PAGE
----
The Red Arrows paid tribute to Bridgland and Quaife’s return to the attack and soon the wickets followed again. 95-4 at the break quickly turned to 112-8. Whitgiftians chanced their arm towards the end but were bowled out for 147 from 40.2 overs. The final two wickets were snaffled by Zakir Rostami (2-7), the last of which was an absolute beauty of a grab by Stuart Ferguson at cover. Bridgland finished with fine figures of 13-2-31-4 and was unlucky not to get a successive five-for, having had a chance dropped at slip. Quaife supported excellently with figures of 16-1-49-4 and etched himself the new nickname ‘Qurtly’.

Opener Tulsani was obviously not feeling himself this week and took all of five balls to hit his first boundary. Luke Cheadle can count himself unlucky, falling to a questionable LBW for 11. Tulsani looked to up the rate as the sky turned from grey to gloomy to morbid and eventually fell for a well worked 27 with the score at 43-2. Rostami and Hazlewood (who was fast building a reputation as a specialised TFC) looked to build a partnership as the Whitgiftian attack found new ways to kill time for rain. The pair took their opportunity well with a century partnership and fifties apiece to see Dulwich home inside 31 overs.

Dulwich go into next week’s top of the table clash with five wins from a possible six.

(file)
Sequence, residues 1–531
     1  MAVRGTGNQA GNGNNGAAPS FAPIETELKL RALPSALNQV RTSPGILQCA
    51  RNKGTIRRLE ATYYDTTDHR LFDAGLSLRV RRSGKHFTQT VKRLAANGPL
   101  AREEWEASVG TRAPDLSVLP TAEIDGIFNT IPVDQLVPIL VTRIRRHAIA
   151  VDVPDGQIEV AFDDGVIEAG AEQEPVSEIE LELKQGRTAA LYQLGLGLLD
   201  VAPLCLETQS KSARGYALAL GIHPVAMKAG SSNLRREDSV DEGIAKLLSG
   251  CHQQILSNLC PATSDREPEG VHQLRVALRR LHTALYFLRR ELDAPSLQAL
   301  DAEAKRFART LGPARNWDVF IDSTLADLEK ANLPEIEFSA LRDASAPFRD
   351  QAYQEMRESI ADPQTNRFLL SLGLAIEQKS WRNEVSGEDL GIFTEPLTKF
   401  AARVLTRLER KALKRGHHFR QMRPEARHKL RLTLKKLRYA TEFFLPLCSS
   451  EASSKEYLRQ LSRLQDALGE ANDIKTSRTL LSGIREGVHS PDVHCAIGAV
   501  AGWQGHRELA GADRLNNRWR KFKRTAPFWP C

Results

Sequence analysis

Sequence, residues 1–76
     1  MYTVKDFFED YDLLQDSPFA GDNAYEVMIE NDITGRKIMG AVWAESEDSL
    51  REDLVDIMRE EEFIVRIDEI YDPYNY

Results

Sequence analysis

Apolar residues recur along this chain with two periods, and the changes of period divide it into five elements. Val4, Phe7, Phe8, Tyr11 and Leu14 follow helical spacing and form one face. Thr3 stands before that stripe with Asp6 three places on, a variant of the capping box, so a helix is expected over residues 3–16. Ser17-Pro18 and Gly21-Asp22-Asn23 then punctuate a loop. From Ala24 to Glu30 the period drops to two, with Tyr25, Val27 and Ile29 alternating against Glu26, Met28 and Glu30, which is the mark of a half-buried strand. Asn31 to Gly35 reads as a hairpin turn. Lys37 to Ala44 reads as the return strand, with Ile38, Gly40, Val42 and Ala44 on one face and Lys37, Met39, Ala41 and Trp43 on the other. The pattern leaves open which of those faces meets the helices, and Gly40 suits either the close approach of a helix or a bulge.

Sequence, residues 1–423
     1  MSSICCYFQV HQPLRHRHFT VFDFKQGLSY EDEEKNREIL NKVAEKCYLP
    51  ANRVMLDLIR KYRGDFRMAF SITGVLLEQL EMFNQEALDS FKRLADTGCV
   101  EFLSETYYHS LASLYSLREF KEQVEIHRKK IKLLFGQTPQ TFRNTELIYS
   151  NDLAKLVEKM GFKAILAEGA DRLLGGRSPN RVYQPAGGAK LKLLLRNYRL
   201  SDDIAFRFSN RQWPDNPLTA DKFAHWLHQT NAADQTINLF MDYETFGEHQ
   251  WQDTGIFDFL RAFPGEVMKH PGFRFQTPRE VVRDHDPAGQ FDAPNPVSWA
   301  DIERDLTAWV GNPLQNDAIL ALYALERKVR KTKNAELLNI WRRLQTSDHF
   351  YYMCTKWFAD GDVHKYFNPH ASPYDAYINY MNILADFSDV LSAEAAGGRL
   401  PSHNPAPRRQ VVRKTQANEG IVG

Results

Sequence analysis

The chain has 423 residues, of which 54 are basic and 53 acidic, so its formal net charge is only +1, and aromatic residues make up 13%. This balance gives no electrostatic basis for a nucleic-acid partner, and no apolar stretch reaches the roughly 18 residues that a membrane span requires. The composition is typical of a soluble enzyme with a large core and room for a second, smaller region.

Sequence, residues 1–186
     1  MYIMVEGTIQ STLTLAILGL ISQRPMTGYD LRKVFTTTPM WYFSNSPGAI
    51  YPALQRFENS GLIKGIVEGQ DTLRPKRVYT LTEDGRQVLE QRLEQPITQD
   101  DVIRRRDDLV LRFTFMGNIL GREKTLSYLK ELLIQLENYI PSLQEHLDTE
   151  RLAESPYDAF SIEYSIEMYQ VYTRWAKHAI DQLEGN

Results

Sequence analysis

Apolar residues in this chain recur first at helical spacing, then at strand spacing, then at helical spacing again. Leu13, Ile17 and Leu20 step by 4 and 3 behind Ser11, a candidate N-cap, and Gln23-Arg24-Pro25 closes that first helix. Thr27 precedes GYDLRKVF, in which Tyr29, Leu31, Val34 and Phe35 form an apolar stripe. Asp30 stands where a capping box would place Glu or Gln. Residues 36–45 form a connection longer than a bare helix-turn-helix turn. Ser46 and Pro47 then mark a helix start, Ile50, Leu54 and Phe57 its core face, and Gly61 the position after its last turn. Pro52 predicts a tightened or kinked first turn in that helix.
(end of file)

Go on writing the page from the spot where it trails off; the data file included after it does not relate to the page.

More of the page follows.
Sat 11th June – 1st XI v Purley

DULWICH 213-7 (40) beat PURLEY 99 (22.3) by 114 runs

Scorecard

Dulwich overcame both the elements and the opposition to record a convincing victory in their Travelbag Surrey Championship Division 2 match at home to Purley.

Following the imposition of a four point penalty after receiving two reports of sub-standard pitches from their first three home matches, Dulwich decided to avoid the risk of further point deductions by transferring this match to the third team pitch at DSG, which had been playing well all season. A lot of hard work was done to make this happen, which was well rewarded as the DSG pitch gained high praise from both players and umpires.

Purley won the toss, and with rain forecast inevitably decided to field. They were unable to make an early breakthrough, as Ed Stolle and Tom Savill put on 41 for the first wicket in 7.3 overs. Stolle was first to go, having looked in good form while making 29 off as many balls, and Savill followed on the same score with 12 off 18. This brought together Ed Towner and Will Bancroft. The pair had taken the score to 136-2 off 31.4 overs when intermittent drizzle turned into heavy rain and drove the players from the field. By the time the rain had stopped and the Umpires deemed the outfield was dry enough for play to resume, 30 overs had been lost and Dulwich had just 8.2 left to post a defensible score.